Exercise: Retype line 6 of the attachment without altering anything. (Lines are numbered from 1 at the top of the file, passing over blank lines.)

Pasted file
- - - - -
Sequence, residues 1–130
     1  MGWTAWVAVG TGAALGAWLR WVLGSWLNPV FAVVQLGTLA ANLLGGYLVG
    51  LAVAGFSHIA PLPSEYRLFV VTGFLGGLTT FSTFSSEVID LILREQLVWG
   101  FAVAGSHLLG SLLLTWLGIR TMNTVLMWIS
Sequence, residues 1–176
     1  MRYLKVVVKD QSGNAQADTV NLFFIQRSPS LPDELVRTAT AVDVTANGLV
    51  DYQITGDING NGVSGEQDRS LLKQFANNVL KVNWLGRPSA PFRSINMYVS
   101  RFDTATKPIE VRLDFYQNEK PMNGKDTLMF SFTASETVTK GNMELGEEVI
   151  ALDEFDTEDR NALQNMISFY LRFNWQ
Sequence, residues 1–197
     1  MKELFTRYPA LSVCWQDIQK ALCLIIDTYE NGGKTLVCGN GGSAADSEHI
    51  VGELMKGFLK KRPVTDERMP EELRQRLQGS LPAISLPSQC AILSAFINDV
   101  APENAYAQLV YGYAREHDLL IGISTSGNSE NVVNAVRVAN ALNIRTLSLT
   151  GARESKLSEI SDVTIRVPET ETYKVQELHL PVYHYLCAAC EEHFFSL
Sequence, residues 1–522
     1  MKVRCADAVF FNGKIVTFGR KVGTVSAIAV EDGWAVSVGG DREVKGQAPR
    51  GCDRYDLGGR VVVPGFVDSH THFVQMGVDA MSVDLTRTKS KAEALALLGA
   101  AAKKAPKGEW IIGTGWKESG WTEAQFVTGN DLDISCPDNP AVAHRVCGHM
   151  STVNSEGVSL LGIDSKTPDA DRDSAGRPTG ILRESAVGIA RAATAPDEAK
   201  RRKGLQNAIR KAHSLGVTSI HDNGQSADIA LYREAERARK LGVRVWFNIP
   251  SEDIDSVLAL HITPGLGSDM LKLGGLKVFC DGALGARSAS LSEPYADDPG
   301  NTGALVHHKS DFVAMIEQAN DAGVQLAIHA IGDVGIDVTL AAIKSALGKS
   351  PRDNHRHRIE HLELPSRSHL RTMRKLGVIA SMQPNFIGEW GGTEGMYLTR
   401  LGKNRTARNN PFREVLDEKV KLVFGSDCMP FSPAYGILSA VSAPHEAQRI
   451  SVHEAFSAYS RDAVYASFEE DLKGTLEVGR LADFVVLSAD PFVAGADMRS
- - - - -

     1  MRYLKVVVKD QSGNAQADTV NLFFIQRSPS LPDELVRTAT AVDVTANGLV